Friday, February 26, 2010

Scrap Walking Stick Creations

About two years ago I began carving faces, flowers, and bugs on the scrap pieces of wood that I cut off my walking sticks. For years I looked at those nice pieces of wood... some sourwood, rhododendron, or perhaps dogwood and just didn't feel right about tossing them out or into the wood heater. Even though they had been cast as walking stick rejects, for some reason I just loved these little pieces of finely cured wood so I gradually ended up with a fine reserve of the best pieces.

I might have already posted one of the greenmen here as seen in the picture above and now I'm back at it again! These little pieces of wood are just too beautiful and most of all they are just too easy to pick up and put into my cargo pockets when I'm leaving the house. During the day I can then work on them whenever I can find a minute or two.

These little "on the go" carvings are mostly unplanned so I use complete "on the spot" creative freedom in their woody creation. As seen in the other pictures I just finished another scrap wood face this week, just working on him when I could. He is made from a piece of rhododendron that is about 6" long and 1-1/2" diameter which is my ideal walking stick thickness.

While this particular little face is quite simple I was influenced from several references while carving it. Most of all I had just watched the movie Avatar the day before I began carving so that's probably where the look of something from The Planet of The Apes crossed with Star Trek's "Spock" came in. I even added some lavender skin tone to the final finish but it's hard to see from a picture.

Although he's not too complex when it comes to carving, this little fellow will make a nice addition to the "family" as I decide what the next one will be.


  1. pretty cool man! I know the feeling of keeping certain carvings that just brings nostelgia with them.

  2. dude thats pritty sic man

  3. Hi Dave,
    I find your small carvings fascinating, having just recently started a wooden dinghy project myself I’m finding myself drawn towards working with this medium and the feel it has in my hands. May I pick your brains and ask what basic hand tools would I require to start some basic carving?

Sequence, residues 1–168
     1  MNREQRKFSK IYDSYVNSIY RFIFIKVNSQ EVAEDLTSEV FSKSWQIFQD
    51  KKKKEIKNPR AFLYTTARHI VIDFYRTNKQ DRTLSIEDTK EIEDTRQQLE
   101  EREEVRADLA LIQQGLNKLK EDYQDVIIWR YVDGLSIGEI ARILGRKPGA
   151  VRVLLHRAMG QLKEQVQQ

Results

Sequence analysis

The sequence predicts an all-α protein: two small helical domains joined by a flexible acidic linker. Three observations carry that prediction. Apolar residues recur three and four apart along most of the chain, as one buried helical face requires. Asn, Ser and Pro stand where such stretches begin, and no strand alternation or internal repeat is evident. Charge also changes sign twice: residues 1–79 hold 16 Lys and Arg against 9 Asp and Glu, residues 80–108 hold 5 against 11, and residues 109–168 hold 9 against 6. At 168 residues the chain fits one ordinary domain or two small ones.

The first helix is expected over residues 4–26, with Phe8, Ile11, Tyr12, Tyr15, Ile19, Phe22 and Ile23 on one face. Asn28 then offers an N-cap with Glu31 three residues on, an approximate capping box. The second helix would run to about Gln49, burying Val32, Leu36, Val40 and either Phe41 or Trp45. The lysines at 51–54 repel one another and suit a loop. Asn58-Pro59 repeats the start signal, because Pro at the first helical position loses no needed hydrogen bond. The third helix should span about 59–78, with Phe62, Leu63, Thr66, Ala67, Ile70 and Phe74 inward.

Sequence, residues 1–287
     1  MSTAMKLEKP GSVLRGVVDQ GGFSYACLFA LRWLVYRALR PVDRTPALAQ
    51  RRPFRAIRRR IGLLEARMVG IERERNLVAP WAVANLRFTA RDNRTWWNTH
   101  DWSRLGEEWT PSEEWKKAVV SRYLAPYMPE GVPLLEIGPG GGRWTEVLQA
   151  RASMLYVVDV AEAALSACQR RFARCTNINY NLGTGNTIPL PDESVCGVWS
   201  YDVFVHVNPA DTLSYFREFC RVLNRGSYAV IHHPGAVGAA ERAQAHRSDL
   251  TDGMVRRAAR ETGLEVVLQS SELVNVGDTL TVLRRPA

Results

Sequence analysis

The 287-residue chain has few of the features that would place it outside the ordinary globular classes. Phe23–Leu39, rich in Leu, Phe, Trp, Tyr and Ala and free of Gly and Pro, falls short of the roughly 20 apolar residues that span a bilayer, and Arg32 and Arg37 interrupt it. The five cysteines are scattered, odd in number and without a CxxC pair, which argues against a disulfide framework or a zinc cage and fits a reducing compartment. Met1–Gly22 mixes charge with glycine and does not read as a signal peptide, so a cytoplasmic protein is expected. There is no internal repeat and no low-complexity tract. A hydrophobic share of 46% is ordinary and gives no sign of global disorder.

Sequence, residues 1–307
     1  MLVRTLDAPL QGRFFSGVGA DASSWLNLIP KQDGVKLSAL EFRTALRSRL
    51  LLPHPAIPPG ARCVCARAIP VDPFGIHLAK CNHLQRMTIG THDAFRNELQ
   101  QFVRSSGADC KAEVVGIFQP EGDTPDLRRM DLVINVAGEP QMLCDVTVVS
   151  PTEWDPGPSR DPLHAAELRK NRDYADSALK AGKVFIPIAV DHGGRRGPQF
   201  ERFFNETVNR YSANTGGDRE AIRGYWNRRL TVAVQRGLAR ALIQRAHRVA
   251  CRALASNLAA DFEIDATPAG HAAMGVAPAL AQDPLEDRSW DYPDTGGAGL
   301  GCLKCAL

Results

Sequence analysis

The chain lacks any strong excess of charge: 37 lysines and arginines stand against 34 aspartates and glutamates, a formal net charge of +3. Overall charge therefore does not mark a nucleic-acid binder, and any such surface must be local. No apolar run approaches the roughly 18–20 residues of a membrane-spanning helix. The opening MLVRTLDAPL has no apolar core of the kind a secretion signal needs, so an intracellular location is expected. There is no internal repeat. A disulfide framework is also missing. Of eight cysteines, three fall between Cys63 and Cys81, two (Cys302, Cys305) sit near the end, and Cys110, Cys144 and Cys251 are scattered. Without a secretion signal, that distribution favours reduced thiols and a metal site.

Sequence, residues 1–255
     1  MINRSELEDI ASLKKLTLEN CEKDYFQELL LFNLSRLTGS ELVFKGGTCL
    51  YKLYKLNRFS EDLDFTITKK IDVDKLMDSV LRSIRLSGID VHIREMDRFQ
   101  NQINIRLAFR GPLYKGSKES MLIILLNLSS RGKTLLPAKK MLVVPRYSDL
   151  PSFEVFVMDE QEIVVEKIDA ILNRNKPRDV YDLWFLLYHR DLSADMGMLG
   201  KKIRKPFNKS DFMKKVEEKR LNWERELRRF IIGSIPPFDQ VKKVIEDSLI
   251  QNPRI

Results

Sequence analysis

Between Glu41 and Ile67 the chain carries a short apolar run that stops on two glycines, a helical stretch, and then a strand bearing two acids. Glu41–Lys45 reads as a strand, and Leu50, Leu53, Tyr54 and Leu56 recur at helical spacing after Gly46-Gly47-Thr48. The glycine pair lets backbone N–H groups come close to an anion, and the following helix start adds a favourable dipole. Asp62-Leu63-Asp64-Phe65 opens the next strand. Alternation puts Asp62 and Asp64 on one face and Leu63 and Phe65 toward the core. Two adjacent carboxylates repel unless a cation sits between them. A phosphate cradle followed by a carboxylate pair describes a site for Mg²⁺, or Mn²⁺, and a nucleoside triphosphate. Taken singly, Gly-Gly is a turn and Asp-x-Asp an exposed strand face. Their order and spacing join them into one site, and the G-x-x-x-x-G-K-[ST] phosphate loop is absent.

Best regards,

  4. John,
    Glad that the carving craze is getting to you! When someone asks about getting into carving and what I'd recommend I always steer them toward a good palm tool set. I find that these short "stubby" tools excellent for new carvers because you don't have to choke-up on the handles since there's only just what you need already there.

    I would also recommend getting the best quality tools that you can afford, but if a new carver isn't sure if they're going to stick with the hobby long term then perhaps they should seek less quality. When it comes to carving tools you definitely get what you pay for.

    For a couple of decades I got by just fine with cheap X-Acto carving knives and did just fine but when I finally got hold of some quality tools there was no turning back. So, if you can put out the money I'd suggest starting with the "Swiss-Made" palm carving set "A" which can be found at this address:

    I rarely use the skew or chisel but the set of six tools is a good variety and has everything that I need for most of my smaller carvings except for a jack knife which can be had for about $15.00. I have several different brands of jack knives including the Swiss-Made chip knife, Flex-Cut, and the Rick Butz knife. All of them are excellent.

    You'll probably get a different opinion from every carver that you ask, but that's what works for me. Good luck!

  5. awesome carvings dave, wonderful work, love your style, arleen

  6. Hi Dave! Cool carvings there. It seems you've invested a lot of time and effort to create those masterpieces. I bet no walking sticks come to waste in your place 'cause you're transforming them all into great works of art. I hope to see more varieties in your work.